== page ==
ANGLE: Fred.

FRED BARNES, "WEEKLY STANDARD": You know, the fact is that Lebanon with Hezbollah there doesn't have control, sovereignty, over its own country's sovereignty as things are. They have a better chance of getting sovereignty over the southern part of their country with an international force than they do if Hezbollah is going to be there. I mean, nobody -- think -- I don't think anybody, who pays any attention to the Middle East, thinks that the Lebanese army, which, I mean, you ought to hear what some Americans -- officials want for this -- American officials, what they think of that army, it's even worse than Charles suggested. I mean, they're pathetic and they're divided anyway between those who are sympathetic to Hezbollah and may be members and who are.

ANGLE: Well, and some suggest they couldn't even get to the south without international help.

BARNES: Exactly, without someone carrying them there, as one what one Bush administration has said. So, I mean, does anybody think if Hezbollah wants to walk right through them and go right back to the border, armed to the teeth, they're going to stop them? I doubt it. Look, Israel, you can't expect Israel, a country that merely wants security along its northern border to accept the fact that all of a sudden this army will be made up of, you know, 15,000 "Rambos."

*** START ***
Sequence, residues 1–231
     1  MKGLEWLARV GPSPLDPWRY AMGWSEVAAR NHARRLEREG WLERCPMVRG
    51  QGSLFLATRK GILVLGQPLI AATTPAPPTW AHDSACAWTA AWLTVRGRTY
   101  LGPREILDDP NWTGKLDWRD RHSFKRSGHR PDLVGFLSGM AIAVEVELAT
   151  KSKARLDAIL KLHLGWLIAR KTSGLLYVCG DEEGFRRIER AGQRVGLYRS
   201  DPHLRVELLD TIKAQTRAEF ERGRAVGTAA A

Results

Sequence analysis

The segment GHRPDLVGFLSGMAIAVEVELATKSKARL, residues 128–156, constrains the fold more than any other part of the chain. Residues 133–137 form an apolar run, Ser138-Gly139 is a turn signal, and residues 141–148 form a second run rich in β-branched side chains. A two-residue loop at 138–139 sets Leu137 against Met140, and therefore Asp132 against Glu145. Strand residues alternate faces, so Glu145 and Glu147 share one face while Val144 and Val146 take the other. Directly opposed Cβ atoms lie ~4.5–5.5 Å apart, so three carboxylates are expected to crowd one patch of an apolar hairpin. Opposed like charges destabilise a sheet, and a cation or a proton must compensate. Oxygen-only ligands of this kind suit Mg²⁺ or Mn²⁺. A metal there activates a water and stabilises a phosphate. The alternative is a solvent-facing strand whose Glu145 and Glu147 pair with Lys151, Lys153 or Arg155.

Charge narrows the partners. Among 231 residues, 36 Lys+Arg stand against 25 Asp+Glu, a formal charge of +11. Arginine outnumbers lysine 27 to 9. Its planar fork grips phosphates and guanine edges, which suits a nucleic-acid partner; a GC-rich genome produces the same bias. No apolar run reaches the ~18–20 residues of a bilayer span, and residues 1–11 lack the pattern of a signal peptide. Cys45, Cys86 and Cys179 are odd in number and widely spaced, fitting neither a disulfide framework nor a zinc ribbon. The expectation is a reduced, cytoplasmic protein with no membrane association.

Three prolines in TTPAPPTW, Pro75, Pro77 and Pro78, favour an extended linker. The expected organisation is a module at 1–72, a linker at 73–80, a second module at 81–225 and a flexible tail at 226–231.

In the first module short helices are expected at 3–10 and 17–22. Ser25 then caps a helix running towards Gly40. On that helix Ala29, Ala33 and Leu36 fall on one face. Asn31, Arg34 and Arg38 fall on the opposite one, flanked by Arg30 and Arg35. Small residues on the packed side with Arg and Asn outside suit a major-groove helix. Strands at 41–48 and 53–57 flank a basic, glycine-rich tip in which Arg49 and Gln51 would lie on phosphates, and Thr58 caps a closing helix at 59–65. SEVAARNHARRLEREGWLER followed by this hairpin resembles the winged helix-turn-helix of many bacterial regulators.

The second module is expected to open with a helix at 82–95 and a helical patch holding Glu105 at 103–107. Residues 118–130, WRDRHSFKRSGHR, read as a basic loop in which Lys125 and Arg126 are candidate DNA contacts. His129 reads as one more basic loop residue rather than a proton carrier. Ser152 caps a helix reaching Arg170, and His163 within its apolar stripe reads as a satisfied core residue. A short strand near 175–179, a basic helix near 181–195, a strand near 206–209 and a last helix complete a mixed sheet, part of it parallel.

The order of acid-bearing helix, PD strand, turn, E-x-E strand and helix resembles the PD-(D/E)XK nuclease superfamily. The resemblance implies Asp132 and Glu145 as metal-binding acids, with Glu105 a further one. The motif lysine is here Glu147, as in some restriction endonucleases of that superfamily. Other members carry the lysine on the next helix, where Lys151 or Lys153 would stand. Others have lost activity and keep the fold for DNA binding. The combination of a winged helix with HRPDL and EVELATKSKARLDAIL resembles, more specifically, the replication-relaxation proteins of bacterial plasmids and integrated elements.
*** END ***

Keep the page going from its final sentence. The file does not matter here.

ANGLE: Yeah. Go ahead.

KRAUTHAMMER: Israel has never had any claim on Lebanon. It left Lebanon in 2000, it doesn't have a claim on its territory, the only reason Israel is in Lebanon is because it was attacked. Every time the Israelis are attacked, they counterattack and take territory, they have to, and then the Arabs scream "occupation." Well, there was no intended occupation, Israel had given it up in 2000, but it's been forced to a defensive occupation now, and unless it's replaced by robust force, we're going to have war again.

WILLIAMS: Look, I mean, it seems critical, I mean, you have to acknowledge, Charles, they were there for 18 years, and in fact, Hezbollah was created in response to their occupation.

KRAUTHAMMER: And they went in this response to PLO attacks in 1982.

WILLIAMS: But, so, at some point, then you can understand why the Lebanese would feel reduced, diminished, in terms of their own sovereignty but the idea that, oh, you're saying we can't control our own land. Of course, the army is in effectual, there's no argument about that. They're a terribly weak army. But at some point you have to work with the Lebanese government and that's the concern of U.S. officials even as we speak here tonight. The concern is that you allow a legitimate Lebanese government to replace Hezbollah, you don't weaken them to the point where there's nothing to rely on but the multinational force.